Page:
R. Kelly's Virginia Tech Song

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Scott Gries / Getty

Singer R. Kelly performs on stage as part of the "Light It Up" tour at Radio City Music Hall on April 18, 2006 in New York City.

If those affected by the shooting at Virginia Tech got to choose a singer to memorialize their tragedy, the consensus pick would have to be Elton John, the man who wrote "Empty Garden" for John Lennon, "Candle in the Wind" for Marilyn Monroe and "Goodbye England's Rose" for Princess Diana. If Sir Elton were for some reason unavailable, they'd still have plenty of good-hearted high-quality pop singers to choose from — your Bon Jovis, your Maroon 5s — not to mention all those country singers born to sing in the key of heartbreak.

Of course, we don't usually get the songs we want. More often we get the songs people need to write for the sake of their careers, which explains the arrival of "Rise Up," the Virginia Tech tribute song by R. Kelly.

In addition to selling 50 million records, Kelly was an ex-husband to the late singer Aaliyah before she could vote and is currently battling a charge of soliciting a minor for child pornography. The man needs image rehab, and the fact that he seems to be jumping on the Blacksburg bandwagon is, you know, gross.

As it turns out, though, "Rise Up" is far more despicable as an idea than as a song. It's a ballad of course, and opens with a sample of a female Tech student saying how the school must be known not for what happened but for overcoming what happened. It also features the inevitable whispering choir whose volume rises in the chorus and gets punctuated by a cymbal clap.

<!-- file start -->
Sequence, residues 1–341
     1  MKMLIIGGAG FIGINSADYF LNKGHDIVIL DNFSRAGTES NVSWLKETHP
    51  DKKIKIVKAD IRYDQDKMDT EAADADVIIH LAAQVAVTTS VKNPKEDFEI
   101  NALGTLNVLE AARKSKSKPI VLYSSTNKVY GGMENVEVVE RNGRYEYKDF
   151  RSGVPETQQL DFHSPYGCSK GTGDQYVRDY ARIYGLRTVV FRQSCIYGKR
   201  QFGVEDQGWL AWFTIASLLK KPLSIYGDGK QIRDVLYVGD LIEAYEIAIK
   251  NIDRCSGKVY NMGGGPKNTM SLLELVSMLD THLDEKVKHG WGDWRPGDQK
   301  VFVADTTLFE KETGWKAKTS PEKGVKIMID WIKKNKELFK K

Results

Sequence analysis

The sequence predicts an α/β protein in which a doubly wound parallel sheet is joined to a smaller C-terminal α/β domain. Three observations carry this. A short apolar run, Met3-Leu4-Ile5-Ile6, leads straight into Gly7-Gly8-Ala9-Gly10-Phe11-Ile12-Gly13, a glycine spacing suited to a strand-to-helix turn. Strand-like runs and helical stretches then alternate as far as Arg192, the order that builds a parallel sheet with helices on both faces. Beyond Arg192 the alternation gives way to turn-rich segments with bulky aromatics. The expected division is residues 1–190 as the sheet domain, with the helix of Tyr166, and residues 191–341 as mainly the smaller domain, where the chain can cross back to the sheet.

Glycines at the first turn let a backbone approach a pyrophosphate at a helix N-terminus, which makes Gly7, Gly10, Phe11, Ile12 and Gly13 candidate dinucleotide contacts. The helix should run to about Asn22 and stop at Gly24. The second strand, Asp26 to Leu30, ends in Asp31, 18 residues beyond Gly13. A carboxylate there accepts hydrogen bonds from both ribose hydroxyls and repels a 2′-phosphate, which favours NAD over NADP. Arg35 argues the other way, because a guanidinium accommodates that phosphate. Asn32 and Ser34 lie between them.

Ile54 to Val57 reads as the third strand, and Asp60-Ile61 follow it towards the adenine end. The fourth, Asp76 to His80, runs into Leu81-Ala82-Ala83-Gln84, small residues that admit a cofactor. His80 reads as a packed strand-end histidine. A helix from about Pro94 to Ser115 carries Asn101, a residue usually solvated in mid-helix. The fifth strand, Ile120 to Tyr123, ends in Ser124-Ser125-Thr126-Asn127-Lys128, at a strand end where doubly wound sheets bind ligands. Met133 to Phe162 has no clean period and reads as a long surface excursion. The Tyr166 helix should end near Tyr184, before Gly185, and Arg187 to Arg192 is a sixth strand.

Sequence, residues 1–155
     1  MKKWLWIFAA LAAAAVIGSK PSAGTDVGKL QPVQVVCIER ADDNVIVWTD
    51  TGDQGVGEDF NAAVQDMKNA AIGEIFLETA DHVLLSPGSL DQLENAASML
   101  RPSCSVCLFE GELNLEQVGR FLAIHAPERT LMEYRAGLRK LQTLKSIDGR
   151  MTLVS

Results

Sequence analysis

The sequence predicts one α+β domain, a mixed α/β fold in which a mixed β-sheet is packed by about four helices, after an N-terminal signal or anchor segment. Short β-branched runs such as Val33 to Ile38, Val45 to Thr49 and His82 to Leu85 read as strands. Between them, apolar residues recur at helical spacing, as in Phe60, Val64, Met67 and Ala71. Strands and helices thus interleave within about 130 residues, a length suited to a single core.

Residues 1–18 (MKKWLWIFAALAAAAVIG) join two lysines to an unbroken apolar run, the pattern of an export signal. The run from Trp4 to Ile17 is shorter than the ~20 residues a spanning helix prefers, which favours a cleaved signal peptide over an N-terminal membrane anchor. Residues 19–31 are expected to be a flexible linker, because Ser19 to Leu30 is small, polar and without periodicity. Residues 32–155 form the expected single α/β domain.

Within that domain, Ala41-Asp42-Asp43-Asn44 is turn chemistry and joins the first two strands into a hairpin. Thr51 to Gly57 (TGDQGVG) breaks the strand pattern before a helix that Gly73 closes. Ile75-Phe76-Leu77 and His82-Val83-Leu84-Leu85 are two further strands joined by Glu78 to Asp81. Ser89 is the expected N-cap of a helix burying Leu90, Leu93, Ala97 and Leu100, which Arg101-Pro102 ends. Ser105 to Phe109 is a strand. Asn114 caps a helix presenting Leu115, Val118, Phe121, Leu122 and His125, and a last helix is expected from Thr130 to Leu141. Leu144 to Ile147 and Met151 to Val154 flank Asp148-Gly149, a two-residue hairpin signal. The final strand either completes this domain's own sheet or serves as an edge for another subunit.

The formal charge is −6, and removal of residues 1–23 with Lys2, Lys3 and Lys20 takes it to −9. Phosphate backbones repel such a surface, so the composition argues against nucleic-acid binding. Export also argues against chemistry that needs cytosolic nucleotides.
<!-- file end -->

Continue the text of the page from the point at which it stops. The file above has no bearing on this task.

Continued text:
Still, for all the heartstrings it attempts to yank, "Rise Up" is remarkably unfussy. It floats by on a simple keyboard and guitar melody similar to "You Are Not Alone" and "I Believe I Can Fly," former top 2 hits on the U.S. charts. The lyrics are straightforward and, given their source, astonishingly respectful. ("Not gonna lie and say I understand/I just wanna be here for you if I can.") Kelly is many things — corny, odd, incapable of a rhyme scheme that isn't 'a-a-a-a' — but he is not without talent, and his vocals are particularly warm; he sounds like he really cares.

All proceeds from "Rise Up" go to the Hokie Spirit Memorial Fund, which provides grief and crisis counseling to those affected by the events, so maybe he does care. At the very least "Rise Up" is the last thing you'd ever expect from R. Kelly — inoffensive.